Those in power usually feel under threat. At one time it was the Jews who were rumoured to form an international conspiracy to undermine Christian values. They were believed to eat Christian children, engage in obscene rituals and generally to be subversive of all good values. In the twelfth and thirteenth centuries certain beliefs coming in from Asia were declared to be heretical and the Cathars or Albigensians in the south of France were destroyed by sword and fire in a giant and ferocious crusade led by the Pope.
Then in the fifteenth century an even greater menace was thought to have arisen. Satan or the Devil emerged to lead a secret assault on civilization with his army of witches. For two hundred years the international conspiracy of evil was thought to consist of witches. Since they were such a threat and could not be detected by normal means, special measures were needed. Manuals were written, legal codes were bent and amended to deal with the new threat. The previous tools to crush heresy, including the Holy Office of the Inquisition, were now used in the war against supposed witches. Thousands were rounded up, tried, convicted and burnt.
So extreme was the fear that even in countries without the Catholic Inquisition and with a different legal system, the laws were altered to deal with the new threat. In England in the sixteenth century, people who could not normally act as witnesses, children against their parents, a husband against his wife, were permitted to do so in these special circumstances. Previous evidence of behaviour, attitudes and crimes, not normally revealed, could be brought before the court. The individual could be placed under unusual physical and mental pressures in order to find evidence. He or she could be deprived of sleep for long periods, supposedly to see if her ‘familiars’ (a small diabolical pet) came to visit her, but, in effect, breaking down her resistance. The presumption of innocence was greatly diminished, the necessity for direct proof was waived and circumstantial or ‘spectral’ (hazy spiritual) evidence was allowed.
In the end, faced with universal fear and loathing, shunned by their friends, told that they were part of a grand conspiracy of Satanic covens or cells loosely joined to each other, the poor creatures confessed and implicated others. They then confirmed that an organization existed whose totally irrational, unjustified and unprovoked aim was to undermine ‘civilization’ as we know it. So ‘civilization’ responded by further abandoning the very justification for its existence. Using the special techniques now allowed, it ‘proved’ the existence of witches and hanged or burnt thousands of them. Only much later did doubt set in. It emerged that the whole conspiracy was a delusion created by the legal methods used to attack it. Thousands had been destroyed on the basis of an illusion.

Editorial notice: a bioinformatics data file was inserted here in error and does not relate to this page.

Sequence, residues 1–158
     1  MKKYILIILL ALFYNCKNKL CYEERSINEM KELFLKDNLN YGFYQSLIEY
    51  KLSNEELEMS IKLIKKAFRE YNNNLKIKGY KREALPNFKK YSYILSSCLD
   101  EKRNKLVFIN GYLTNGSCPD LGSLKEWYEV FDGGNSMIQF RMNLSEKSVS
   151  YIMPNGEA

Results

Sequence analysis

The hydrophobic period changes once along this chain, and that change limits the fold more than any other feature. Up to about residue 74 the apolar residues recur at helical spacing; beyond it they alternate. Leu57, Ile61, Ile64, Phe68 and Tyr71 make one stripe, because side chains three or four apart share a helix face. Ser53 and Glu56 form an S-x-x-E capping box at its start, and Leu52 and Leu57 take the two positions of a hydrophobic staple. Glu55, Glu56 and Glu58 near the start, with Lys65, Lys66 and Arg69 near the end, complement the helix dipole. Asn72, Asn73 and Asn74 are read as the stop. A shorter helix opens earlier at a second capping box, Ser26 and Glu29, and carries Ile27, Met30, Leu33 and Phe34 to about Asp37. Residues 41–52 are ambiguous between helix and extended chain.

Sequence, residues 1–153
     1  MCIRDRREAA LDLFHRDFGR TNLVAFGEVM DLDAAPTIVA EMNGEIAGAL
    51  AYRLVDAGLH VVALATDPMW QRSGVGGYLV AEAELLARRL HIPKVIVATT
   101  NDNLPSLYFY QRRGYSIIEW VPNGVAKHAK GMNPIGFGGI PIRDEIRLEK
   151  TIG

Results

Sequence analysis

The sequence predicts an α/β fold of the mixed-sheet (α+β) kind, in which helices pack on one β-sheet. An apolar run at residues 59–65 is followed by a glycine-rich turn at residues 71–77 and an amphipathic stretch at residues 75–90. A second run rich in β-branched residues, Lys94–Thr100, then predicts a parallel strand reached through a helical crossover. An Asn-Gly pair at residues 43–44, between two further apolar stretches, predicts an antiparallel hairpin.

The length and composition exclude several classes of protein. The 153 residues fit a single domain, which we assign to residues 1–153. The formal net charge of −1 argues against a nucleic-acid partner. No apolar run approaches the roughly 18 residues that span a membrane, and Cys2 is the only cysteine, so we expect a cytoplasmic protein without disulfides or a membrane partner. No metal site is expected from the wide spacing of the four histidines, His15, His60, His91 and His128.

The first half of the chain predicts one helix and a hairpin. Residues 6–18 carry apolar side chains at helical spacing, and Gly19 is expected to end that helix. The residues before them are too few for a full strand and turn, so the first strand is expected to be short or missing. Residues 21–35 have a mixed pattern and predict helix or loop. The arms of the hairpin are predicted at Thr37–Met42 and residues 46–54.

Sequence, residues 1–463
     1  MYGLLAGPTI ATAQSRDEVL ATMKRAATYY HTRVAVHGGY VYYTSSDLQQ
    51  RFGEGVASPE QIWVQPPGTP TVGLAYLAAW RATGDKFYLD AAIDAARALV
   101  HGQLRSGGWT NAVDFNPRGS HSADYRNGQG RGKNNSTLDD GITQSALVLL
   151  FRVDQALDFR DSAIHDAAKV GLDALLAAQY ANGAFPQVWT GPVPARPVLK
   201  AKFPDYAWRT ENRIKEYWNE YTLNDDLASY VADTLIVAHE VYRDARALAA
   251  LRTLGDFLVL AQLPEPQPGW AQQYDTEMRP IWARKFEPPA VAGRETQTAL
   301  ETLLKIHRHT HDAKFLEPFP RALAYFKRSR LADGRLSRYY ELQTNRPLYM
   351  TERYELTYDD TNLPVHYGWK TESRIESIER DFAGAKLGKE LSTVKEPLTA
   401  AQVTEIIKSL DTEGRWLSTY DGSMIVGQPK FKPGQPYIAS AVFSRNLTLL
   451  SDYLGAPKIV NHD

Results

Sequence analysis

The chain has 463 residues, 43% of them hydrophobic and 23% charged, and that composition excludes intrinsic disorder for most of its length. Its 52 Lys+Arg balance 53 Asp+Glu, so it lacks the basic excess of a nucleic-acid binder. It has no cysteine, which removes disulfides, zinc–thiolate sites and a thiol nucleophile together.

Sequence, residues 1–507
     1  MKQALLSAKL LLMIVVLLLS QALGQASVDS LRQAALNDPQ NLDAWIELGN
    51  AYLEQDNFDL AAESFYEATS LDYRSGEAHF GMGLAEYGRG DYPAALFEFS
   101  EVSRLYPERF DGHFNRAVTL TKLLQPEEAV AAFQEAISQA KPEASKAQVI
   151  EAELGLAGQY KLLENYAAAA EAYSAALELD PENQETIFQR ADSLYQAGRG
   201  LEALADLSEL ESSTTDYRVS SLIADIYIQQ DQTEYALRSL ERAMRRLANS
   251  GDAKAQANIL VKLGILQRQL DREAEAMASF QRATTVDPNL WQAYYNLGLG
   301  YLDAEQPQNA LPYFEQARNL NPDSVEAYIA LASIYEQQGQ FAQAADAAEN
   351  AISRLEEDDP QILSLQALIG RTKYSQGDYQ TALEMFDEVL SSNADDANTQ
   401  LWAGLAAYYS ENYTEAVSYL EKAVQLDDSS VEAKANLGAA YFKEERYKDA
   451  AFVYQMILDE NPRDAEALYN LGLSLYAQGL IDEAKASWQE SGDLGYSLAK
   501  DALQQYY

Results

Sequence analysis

Similar panics still occur. In the 1950’s it was a panic about a secret conspiracy of ‘communists’ which led to the McCarthy trials in America and the destruction of the reputation of many innocent people.
Then in the 1980’s in Britain a new threat came to light, the so-called paedophile rings. The details of their activities and the widespread sexual abuse of children by their parents were often ‘recalled’ when children were ‘counselled’ by sympathetic experts. Satanic rituals in which children were sexually abused and even human sacrifices were supposed to occur, were suddenly believed to be widespread. Hundreds were imprisoned, thousands of children were taken away from their parents in dawn raids. Only later, as the panic declined, was it discovered that most of the accusations were false, created by the very methods of trying to deal with them.
So there are plenty of precedents for the fear of a malevolent Other, and all of them tend to involve the shadowy presence of Evil, the Devil or Satan. Worldwide conspiracies against civilization were thought to have existed for thousands of years. Among them were Christianity and Islam themselves before they came to dominate.